In the dry granulation methods, particle adhesion occurs cause by compaction pressure. A compact or sheet is produced which is larger than the granule size required, and therefore the required size can be attained by milling and sieving.

In wet granulation methods, liquid added to dry powders has to be distributed through the powder by the mechanical agitation created in the granulator. The particles adhere to each other because of liquid films, and further agitation and/or liquid addition causes more particles to adhere.

The precise mechanism by which a dry powder is transformed into a bed of granules varies for each type of granulation equipment.

The granulation mechanism can be divided into three stages.
1. Nucleation
2. Transition
3. Ball growth



Nucleation
Granulation starts with adhesion among particles due to liquid bridges and the formation of agglomerates at capillary state. A number of particles will join to form the pendular state. Further agitation densifies the pendular bodies to form the capillary state, and these bodies act as nuclei for further granule growth.

Transition
Nuclei can grow in two possible ways:
  • single particles added to the nuclei by pendular bridges, or
  • combining two or more nuclei
The combined nuclei will be reshaped by the agitation of the bed. This stage is characterized by the presence of a large number of small granules with a fairly wide size distribution. Providing that this distribution is not excessively large, this is a suitable end-point for granules used in capsule and tablet manufacture, as relatively small granules will produce a uniform tablet die or capsule fill. Larger granules may give rise to problems in small-diameter dies owing to bridging across the die and uneven fill.

Ball growth
Further granule growth produces large, spherical granules and the mean particle size of the granulating system will increase with time. If agitation is continued, granule coalescence will continue and produce an unusable, overmassed system, although this is dependent upon the amount of liquid added and the properties of the material being granulated.

Although ball growth produces granules that may be too large for pharmaceutical purposes, some degree of ball growth will occur in planetary mixers and it is an essential feature of some spheronizing equipment.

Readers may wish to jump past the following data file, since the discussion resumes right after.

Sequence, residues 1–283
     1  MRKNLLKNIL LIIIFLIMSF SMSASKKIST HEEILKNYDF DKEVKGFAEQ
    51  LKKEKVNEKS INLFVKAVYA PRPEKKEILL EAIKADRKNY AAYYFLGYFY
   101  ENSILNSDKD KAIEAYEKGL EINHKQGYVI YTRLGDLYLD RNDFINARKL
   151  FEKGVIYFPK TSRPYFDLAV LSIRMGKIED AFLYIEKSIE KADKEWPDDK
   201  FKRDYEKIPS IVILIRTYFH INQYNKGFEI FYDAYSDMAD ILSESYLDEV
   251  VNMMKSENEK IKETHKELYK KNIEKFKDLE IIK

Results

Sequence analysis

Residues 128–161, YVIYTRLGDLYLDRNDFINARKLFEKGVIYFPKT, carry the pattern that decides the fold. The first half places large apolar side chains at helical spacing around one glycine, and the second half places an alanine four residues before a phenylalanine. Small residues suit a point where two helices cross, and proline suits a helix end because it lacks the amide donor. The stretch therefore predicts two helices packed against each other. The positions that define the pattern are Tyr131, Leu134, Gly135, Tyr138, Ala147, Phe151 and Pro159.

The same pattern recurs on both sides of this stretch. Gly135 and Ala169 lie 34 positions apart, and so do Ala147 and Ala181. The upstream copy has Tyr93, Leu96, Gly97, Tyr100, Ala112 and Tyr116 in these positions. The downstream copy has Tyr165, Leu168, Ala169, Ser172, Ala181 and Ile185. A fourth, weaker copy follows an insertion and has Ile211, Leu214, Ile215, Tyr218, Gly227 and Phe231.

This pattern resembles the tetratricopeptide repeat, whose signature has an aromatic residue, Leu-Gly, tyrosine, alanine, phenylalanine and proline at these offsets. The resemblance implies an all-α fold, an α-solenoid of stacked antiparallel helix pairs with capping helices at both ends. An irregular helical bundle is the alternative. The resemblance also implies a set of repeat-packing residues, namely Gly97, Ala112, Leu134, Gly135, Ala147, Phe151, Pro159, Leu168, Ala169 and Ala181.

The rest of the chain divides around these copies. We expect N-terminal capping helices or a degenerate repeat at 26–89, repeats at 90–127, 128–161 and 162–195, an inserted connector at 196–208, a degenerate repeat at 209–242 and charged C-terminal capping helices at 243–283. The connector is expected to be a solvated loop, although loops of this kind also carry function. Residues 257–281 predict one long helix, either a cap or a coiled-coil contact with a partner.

The four possible mechanisms of ball growth are :
  1. Coalescence : Two or more granules join to form a larger granule.
  2. Breakage Granules : break into fragments which adhere to other granules, forming a layer of material over the surviving granule.
  3. Abrasion transfer : Agitation of the granule bed leads to the attrition of material from granules. This abraded material adheres to other granules, increasing their size.
  4. Layering : When a second batch of powder mix is added to a bed of granules the powder will adhere to the granules, forming a layer over the surface and increasing the granule size.

There will be some degree of overlap between these stages and it will be very difficult to identify a given stage by inspection of the granulating system.

Using the slower processes, such as the planetary mixer, there is usually sufficient time to stop the process before overmassing occurs. With faster granulation equipment the duration of granulation can only be used as a control parameter when the formulation is such that granule growth is slow and takes place at a fairly uniform rate.

The transition from a non-granulated to an overmassed system is very rapid, and monitoring equipment by operator is necessary to stop the granulation at a predetermined point, known as granulation end-point control. But, if validation has been established, granulation process could be done over and over again without monitoring the mass.

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